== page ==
CANADIANS are divided in their view of the underlying cause of the fatal October 22 shooting attack on Parliament Hill by gunman Michael Zehaf-Bibeau.
A survey on radicalization and homegrown terrorism by the Angus Reid Institute (ARI) – in partnership with others – reveals two-in-five Canadians (38%) say the attack was an act of mental illness, while about as many (36%) say it was terrorism. One-quarter (25%) say they aren’t sure.
The online poll also suggests more Canadians believe the federal government should be putting more emphasis on preventing acts of homegrown terror than on punishment.
* Prevention of radicalization:
Asked about the best places to prevent and address the radicalization process by which people become driven by violent ideology, Canadians said attention should be focused on:
* Schools (27%)
* Places of worship (25%)
* Online/Internet (23%)
* Family homes (18%)
* Community centres (8%)
* Terrorism or mental illness?
A more specific question asked respondents whether the attack and fatal shooting of military personnel on and around Parliament Hill in Ottawa by Michael Zehaf-Bibeau, was either a terrorist attack or an act of someone with a mental illness.
Canadians were almost evenly divided in their views on this issue. Nearly two-in-five (36%) said the shooting was a terrorist attack. About as many (38%) said it was an act of mental illness. The rest (25%) said they weren’t sure.
Again, a look at how respondents answered by region shows differences in opinion. In BC and Atlantic Canada, respondents said the shootings were a result of mental illness, almost two-to-one over terrorism. In Alberta, Saskatchewan and Manitoba, slightly more respondents say it was terrorism. Ontario and Quebec respondents are more evenly divided on this question.
* Prevention versus punishment
As to where the federal government should be putting more priority to address radicalization, just over half (54%) of Canadians told ARI the emphasis should be on initiatives to prevent radicalization, and one-third (34%) said government should focus on sterner measures to punish those who become driven by violent ideologies. The rest chose neither option.
Those who felt government should place priority on punishment were older: 43 per cent were aged 55+, compared to 29 per cent aged 18-34. They also were more likely to be from Saskatchewan or Manitoba.
* Views on imprisonment:
Another discussion point on the issue of how best to deal with suspected homegrown terrorists focuses on indefinite imprisonment. On this question, slightly more than half (54%) of respondents say jailing them for an unfixed amount of time only motivates suspected homegrown terrorists to commit violent crimes when they are eventually released. Slightly fewer than half (46%) say indefinite imprisonment does prevent violent crime.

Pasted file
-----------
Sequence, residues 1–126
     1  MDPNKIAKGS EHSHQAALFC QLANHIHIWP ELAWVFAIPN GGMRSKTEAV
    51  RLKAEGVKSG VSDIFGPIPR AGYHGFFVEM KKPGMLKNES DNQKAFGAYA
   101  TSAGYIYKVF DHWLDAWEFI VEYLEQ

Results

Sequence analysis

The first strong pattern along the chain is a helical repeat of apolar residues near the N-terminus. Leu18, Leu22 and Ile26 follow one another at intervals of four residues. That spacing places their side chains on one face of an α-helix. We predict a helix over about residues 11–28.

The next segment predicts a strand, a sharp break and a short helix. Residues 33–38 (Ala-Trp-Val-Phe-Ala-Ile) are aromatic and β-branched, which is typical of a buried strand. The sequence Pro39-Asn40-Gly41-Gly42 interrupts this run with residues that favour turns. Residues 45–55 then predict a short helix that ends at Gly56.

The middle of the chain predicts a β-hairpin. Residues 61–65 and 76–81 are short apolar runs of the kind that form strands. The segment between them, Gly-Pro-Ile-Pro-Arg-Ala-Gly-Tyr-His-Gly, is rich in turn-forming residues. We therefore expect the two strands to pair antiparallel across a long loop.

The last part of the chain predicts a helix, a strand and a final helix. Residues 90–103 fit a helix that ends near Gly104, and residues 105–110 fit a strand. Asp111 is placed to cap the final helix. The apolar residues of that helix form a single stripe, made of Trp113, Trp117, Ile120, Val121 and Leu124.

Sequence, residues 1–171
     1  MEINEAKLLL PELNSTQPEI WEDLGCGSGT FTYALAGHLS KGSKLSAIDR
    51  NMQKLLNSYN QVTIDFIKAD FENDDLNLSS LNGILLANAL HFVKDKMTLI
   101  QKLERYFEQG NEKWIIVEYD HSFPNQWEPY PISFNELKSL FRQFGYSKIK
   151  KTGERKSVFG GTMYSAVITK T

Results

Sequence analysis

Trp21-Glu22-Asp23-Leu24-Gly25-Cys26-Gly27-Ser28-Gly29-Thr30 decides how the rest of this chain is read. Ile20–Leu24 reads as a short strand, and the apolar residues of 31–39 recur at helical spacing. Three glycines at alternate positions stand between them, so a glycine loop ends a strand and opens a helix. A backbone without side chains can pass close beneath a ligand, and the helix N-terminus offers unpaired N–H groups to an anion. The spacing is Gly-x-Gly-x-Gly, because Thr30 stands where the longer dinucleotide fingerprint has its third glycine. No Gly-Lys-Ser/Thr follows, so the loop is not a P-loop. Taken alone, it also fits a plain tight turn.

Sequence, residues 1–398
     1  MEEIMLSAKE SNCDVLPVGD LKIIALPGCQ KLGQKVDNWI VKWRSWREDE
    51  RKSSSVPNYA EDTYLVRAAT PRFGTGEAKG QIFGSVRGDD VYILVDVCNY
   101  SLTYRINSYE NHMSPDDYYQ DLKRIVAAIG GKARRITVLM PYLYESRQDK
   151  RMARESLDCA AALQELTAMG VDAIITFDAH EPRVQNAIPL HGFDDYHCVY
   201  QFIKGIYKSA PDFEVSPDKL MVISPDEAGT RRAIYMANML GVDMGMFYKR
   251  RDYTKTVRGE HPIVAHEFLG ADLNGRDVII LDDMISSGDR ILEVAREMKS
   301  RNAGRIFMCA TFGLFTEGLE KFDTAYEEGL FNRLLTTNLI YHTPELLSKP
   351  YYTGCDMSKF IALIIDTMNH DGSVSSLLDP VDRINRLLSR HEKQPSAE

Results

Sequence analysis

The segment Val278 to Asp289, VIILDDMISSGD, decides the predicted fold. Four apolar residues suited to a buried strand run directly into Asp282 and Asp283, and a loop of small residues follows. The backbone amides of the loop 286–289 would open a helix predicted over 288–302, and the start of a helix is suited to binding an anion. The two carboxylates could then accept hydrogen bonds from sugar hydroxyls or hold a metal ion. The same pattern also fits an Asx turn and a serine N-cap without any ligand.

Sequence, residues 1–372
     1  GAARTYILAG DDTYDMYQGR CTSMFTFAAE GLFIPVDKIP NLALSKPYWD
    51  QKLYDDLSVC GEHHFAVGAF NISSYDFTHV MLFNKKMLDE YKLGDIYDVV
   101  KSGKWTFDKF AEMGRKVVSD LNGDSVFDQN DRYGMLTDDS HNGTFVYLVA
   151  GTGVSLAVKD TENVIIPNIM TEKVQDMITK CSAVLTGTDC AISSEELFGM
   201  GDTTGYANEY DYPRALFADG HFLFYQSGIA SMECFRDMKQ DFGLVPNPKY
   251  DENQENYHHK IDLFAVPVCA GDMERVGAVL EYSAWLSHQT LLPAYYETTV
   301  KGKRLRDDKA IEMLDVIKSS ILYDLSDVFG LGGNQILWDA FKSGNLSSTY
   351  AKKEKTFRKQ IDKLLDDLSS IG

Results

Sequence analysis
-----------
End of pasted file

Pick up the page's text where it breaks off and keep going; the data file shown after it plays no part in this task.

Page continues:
On October 27, the federal government introduced proposed legislation, Bill C-44, that would give the Canadian Security Intelligence Service (CSIS) increased powers to watch Canadians, the authority to operate outside Canada, and to share information about Canadians with other countries. It also gives more protection to confidential sources.
Although the introduction of this legislation didn’t come as a direct response to the shootings on Parliament Hill, it did nonetheless capture the attention of Canadians and change the tone of debate in the House of Commons.
In terms of public opinion surrounding the proposed legislation, ARI asked and found that half (51%) of Canadians felt Bill C-44 does a “good job” of addressing security threats. Just over one-quarter (27%) felt the legislation goes “too far” and steps on civil liberties; just under one-quarter (22%) said Bill C-44 doesn’t “go far enough” to protect Canadians.
Again, a deeper look into demographic and regional responses provides a more complete story. Canadians aged 18-34 are twice as likely as those aged 55+ to raise civil liberties issues vis-à-vis Bill C-44. Those aged 55+ say the legislation is too anemic by a ratio of three-to-one over younger Canadians.
Regionally, two-in-five (39%) British Columbia respondents say the proposed law goes too far. This is twice as many who answer the same in Saskatchewan (20%) and Quebec (19%). Most respondents who say the legislation doesn’t go far enough are found in Saskatchewan (27%). By contrast, only about half as many who say the same thing are found in Atlantic Canada (15%).